Unfortunately, accidents in the Garment industry are far too common. In two instances fires at garment factories resulted in the death of hundreds of workers. In the first case, 145 workers died when a fire started in a bin of rags. Most died as a result of neglected safety features and locked doors. The only elevator failed after 4 trips and workers who tried to escape via the stairs were met with locked doors and were burned to death. Workers died as they jumped from many stories above the ground. The second factory fire resulted in 112 deaths and 200 injured workers. Once again, workers attempting to escape the burning building were met with locked doors and stairways too narrow to accommodate the large numbers of people attempting to escape. A manager told some workers that the fire alarm was malfunctioning and that they should continue working. 12 workers perished after jumping from windows. Firefighters worked for 17 hours before successfully extinguishing the blaze. Both fires resulted in new government regulations and efforts to improve worker safety. Where and when did these tragic accidents occur? Over a hundred years separate these terrible accidents! The first occurred in the United States in 1911 at the Triangle Shirtwaist Factory and the second occurred in 2012 in Bangladesh at the Tanzeen Fashion Factory. Worker rights in the United States have advanced tremendously since the industrial revolution thanks to the hard work of individual citizens, government, and unions. Workers in Bangladesh and other Asian nations with significant garment industries operations face a long, uphill battle for fair wages and safe conditions. Corporations around the world rely on the low cost of labor and the lack of regulation in these countries to keep profits high and product prices low, but at what cost to human lives and dignity?
Why must profits come at the expense of human lives?
Abuse of Workers Continues in the 21st-Century
In comparing these two accidents and the working conditions from two vastly different countries and centuries, I am not saying that the fight for labor rights in the United States is over. Early factory workers in America were poorly paid and child labor was common. The workers at the Triangle Shirtwaist Factory earned $15 a week while working 12 hours every day! The workers were teenage, immigrant girls who spoke no English. Fast forward to the present day America and you will find a similar abuse of immigrant workers in America. An article formerly posted on the website for the Lower East Side Tenement Museum states the following about the present day situation in the New York garment industry:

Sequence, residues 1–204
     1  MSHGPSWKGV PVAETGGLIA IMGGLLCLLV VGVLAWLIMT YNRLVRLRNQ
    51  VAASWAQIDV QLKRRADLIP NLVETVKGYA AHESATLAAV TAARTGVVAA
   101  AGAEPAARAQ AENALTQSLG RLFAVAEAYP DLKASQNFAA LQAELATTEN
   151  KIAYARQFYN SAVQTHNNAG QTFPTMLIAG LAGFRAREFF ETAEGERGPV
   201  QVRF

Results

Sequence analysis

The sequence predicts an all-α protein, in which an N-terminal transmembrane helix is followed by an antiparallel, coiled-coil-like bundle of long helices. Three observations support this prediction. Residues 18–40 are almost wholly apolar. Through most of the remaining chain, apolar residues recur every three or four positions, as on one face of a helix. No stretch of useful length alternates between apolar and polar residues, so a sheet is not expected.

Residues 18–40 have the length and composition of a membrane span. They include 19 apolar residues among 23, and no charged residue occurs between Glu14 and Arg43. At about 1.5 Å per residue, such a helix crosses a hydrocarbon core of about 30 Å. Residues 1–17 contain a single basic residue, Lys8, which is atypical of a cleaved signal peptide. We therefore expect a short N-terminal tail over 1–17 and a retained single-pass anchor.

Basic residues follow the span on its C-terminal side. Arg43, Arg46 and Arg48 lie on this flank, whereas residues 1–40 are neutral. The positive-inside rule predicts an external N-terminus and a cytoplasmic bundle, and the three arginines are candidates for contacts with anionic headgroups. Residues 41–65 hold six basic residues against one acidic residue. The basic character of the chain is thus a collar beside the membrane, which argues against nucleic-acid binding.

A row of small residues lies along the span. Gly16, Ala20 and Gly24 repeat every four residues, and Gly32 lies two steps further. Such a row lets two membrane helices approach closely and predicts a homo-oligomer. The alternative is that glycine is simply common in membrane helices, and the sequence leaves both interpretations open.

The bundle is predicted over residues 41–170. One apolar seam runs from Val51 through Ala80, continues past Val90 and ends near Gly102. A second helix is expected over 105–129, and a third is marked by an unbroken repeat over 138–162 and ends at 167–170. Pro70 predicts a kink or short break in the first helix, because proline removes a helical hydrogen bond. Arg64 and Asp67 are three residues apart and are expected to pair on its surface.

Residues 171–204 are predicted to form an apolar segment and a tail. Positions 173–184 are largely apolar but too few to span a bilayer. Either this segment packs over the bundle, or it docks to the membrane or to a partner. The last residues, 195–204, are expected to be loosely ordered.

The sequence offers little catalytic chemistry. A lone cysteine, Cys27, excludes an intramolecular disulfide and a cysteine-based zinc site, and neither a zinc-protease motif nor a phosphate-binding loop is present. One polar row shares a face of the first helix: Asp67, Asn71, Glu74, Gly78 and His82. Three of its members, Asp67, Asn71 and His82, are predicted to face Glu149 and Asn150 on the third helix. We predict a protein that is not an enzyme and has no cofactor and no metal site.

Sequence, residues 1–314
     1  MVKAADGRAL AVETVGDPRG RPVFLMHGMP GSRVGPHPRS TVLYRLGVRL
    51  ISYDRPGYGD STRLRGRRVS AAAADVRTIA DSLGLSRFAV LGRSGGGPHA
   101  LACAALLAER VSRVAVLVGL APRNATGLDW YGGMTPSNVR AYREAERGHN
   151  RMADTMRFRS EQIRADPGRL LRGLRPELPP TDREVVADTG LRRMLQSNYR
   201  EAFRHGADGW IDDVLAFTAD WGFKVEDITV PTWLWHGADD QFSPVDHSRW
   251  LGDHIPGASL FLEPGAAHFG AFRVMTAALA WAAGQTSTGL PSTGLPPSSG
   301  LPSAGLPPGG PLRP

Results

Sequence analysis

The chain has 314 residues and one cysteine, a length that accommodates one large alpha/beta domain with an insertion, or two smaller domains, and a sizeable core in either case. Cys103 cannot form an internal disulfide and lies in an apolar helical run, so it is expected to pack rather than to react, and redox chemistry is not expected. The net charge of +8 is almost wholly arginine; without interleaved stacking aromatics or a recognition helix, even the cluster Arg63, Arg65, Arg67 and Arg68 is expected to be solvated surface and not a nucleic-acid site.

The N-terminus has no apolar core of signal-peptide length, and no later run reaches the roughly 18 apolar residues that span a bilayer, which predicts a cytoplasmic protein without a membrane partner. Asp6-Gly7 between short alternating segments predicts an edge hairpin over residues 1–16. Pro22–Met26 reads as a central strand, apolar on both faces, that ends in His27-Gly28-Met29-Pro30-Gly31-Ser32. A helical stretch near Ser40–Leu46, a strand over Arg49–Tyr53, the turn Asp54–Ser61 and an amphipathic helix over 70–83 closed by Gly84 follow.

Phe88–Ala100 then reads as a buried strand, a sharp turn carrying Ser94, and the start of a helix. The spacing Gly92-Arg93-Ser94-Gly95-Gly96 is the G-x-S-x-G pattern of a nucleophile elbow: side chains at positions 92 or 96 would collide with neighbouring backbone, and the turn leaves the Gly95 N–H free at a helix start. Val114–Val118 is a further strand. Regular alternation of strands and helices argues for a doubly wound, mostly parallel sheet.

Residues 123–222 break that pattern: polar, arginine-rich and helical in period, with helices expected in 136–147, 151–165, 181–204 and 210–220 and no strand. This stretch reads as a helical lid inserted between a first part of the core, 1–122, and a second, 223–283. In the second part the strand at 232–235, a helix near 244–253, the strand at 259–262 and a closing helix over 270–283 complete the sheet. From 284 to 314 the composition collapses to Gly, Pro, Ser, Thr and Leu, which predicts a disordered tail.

“Even as the 21st century begins, the Lower East Side and adjoining Chinatown remain intricately tied to the garment industry. Along with the Sunset Park area of Brooklyn, many garment shops in Chinatown still work on the system of contracting. Presently, Chinese workers constitute the largest portion of immigrants working in both legal and illegal garment shops, although they are joined by other recent immigrants from the Dominican Republic, Puerto Rico, Vietnam and myriad other nations.”
Modern day sweatshops continue to pay workers by the piece produced rather than a minimum hourly wage resulting in pay far below the federal minimum wage.
“Chinese sewing machine operators working in Chinatown and Sunset Park often work anywhere from 60 to 100 (!) hours a week, despite earning only $150 to $400 per week.”
Illegal immigrants work in fear of detection by immigration authorities and feel powerless to protest the poor wages and conditions. As the power and membership of unions have declined during the past decades, one has to wonder how the modern worker will obtain fair pay, quality working conditions, benefits, and job security.
Read more about the tragic accidents described above: